Or the Quantis lounge at LAX?
    I can’t figure out the rules…

  25. What sucks is that there is no First Class even available on the flights I have from DOH next year (DOH – BOS, A350 XWB), so I won’t get to use this lounge because there’s no first class bookable/upgradable to.

  26. How do you rate Doha, Lucky?

    As someone who lives in the UK, Qatar Airlines offers me very competitive prices to the Middle East and Asia along with the ability to earn BAEC points. For some reason I am far more interested in flying with Emirates or Etihad and can only put this down to having no interest in visiting Doha.

  27. 1) How I can get access to Al Safwa First Class Lounge, by booking First Saver (A), First Value (P), First Flexi (F) or any three of them?
    2)Can I get access to Al Safwa First Class Lounge if I have booked First Class Ticket irrespective of my booking class, but I am not member of Qatar’s Privilege Club and also of any Oneworld Airline Members?

    Please Lucky reply ASAP as I am still confused about getting access to Al Safwa First Class Lounge

  28. Hi – great review – thank you.
    I use this transit a few weeks ago from Edinburgh to Delhi but had no time to try any of this out. I do however head to JNB on Sunday from Edinburgh and on one of the legs have around 7 hours layover. How do I go about booking the ‘nap room’? I am travelling on Business (all legs)… don’t think there is a First product (def not EDI to DOH anyway)… I am also hold a One World (BA Exec club) card. I was allowed access to Al Safwa the last time but clearly didn’t take a look around!
    Thanks in advance for the extra info.

  29. Just read my post… bad grammar and spelling!
    Meant to read “I also hold a One World Emerald (BA Exec Gold) card.”
    I think this allows access to Al Safwa but not sure if this is still the case.

  30. Hey Lucky so if you’re flying “first” (business on the 777s) like doha-cairo, doha-amman, etc you get access to first class lounge?

  31. hey Lucky — i’m flying a330-200 on First from DXB to DOH and then business from DOH-BKK via 388. Can I stop by the al safwa lounge since i’m arriving to DOH on First?

  32. We have a Doha scale 1:55 hours(CDG-DOH-BKK) Will we have time to visit Al-Safwa lounge? Thank you

  33. Just visited the Al Salfa lounge ahead of F DOH-DXB. Totally awesome and now looks less sterile with the cabinets occupied by museum pieces.

    Al Salfa is restricted to departing Qatar F pax. Qatar tend to have separate lounges for access based on travelling class and OW status. Not surprisingly, the OW status based lounges offer fewer amenities and are less impressive. If travelling Qatar you should be aware of this or could end up in a lesser quality lounge even though it has Qatar logo outside.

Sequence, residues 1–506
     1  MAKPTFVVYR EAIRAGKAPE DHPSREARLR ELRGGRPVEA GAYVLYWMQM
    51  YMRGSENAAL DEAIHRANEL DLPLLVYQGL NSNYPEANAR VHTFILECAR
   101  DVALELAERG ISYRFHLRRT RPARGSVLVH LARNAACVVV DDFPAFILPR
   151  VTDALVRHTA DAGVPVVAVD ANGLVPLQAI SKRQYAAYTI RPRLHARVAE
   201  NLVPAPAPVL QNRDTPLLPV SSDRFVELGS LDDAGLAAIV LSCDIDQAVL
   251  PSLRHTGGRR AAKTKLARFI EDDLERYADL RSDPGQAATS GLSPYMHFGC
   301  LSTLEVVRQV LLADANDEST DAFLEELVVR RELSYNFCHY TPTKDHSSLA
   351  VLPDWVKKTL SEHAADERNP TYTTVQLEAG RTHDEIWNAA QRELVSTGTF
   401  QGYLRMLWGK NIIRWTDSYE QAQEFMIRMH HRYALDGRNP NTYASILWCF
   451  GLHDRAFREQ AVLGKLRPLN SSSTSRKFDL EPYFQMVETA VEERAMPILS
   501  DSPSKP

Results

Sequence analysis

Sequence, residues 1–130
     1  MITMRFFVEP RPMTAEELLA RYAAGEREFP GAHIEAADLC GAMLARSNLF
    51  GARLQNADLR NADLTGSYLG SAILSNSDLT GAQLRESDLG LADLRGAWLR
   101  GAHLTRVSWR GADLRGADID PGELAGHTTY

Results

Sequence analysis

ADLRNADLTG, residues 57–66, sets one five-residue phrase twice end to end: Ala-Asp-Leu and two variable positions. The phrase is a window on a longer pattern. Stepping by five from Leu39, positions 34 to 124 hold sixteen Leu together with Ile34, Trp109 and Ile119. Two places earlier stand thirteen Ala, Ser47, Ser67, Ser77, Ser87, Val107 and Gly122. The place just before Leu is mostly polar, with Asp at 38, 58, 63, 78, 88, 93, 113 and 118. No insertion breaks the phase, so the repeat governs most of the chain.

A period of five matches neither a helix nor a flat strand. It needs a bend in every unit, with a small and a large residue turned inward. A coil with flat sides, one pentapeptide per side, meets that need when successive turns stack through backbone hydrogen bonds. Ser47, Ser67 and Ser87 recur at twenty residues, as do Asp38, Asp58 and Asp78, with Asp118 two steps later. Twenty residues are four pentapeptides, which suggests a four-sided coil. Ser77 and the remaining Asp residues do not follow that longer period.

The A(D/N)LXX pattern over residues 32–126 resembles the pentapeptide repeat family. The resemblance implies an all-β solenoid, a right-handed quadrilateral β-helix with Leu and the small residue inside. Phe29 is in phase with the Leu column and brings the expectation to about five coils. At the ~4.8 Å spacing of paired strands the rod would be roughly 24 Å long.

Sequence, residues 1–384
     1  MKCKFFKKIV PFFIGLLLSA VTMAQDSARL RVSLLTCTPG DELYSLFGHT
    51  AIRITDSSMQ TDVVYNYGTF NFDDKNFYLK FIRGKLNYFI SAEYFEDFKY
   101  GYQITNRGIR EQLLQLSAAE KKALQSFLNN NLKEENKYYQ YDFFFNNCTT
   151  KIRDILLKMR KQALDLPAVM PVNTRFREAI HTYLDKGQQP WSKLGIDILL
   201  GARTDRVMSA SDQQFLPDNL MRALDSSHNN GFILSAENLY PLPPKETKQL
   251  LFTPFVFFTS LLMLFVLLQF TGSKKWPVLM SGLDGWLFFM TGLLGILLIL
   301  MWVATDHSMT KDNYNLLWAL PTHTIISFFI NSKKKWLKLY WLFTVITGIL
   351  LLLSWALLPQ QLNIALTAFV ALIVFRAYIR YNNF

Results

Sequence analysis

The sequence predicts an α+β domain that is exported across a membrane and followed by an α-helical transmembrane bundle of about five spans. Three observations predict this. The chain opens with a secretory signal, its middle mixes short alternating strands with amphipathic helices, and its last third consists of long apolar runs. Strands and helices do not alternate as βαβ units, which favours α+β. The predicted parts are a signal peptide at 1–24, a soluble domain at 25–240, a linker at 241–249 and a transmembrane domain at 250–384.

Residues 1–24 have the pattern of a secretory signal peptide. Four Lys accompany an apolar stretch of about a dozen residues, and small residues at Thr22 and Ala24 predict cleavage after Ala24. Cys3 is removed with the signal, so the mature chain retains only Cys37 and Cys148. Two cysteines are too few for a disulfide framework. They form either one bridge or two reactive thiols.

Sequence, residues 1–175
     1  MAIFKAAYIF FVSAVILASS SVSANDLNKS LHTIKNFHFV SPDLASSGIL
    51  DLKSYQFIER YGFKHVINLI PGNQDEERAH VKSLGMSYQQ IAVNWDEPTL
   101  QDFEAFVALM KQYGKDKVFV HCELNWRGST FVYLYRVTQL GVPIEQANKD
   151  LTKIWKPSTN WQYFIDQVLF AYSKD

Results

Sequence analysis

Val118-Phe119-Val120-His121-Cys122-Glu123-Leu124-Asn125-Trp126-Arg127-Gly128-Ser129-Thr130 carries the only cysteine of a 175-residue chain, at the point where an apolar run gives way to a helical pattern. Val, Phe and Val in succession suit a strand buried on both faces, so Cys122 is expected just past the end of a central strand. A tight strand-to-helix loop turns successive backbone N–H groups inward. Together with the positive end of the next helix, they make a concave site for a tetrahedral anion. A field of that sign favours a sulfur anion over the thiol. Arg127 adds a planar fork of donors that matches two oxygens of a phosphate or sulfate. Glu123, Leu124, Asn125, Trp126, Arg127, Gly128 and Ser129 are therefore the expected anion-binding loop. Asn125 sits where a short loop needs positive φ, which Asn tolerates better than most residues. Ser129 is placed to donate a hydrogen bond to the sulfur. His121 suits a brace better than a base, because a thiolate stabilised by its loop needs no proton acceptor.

34. Does anyone know the artist responsible for the ‘desert walkers’ art installation you can see as you take the elevator to the Al Safwa lounge at Doha? It is absolutely incredible – a ‘video’, approx. 25 metres wide (possibly more) of a large group of people, of all races, religions and ages walking alone, towards and away from the front of the screen, across a desert landscape. As they move away from you the images are blurred by the tremendous heat haze. . I was mesmerized. I can find nothing on Google..

  35. What surprises me is that you’re complaining about the 200QAR charges in the lounge. These lounges are typically for highly affluent 1st class guests already paying a small fortune for their tickets, and so these prices would rather seem like a pittance to them. In my view the charges are probably meant to keep the facilities in top notch condition by keeping complimentary guests away haha. If you’re going to review these absurdly expensive lounges that come with equally nauseating seat prices then you need to think like someone who’s actually paying the full ticket price 😉

  36. Great review lucky!
    I just booked a super cheap ticket with Qatar from Cairo to Madrid and will get to try the First Class lounge. I was worried I would have to book the airport hotel as I have a long layover, but after reading your review – I’m going to take advantage of the sleep areas! 😉

  37. Thanks Saara – you’re right – I found the reference on Bill Violas website thanks to your comment. It was commissioned in 2014. In my opinion it’s worth going to Doha just to see this! But why have they hidden it away? Only visitors to the first class lounge are likely to see it! It’s not actually in the lounge but on a wall outside above a stairwell.

  38. It’s worth adding that if you’re using the lounge during Ramadan, no alcohol is served. This is in contrast to Emirates who continue to serve, and Etihad who serve in the evening.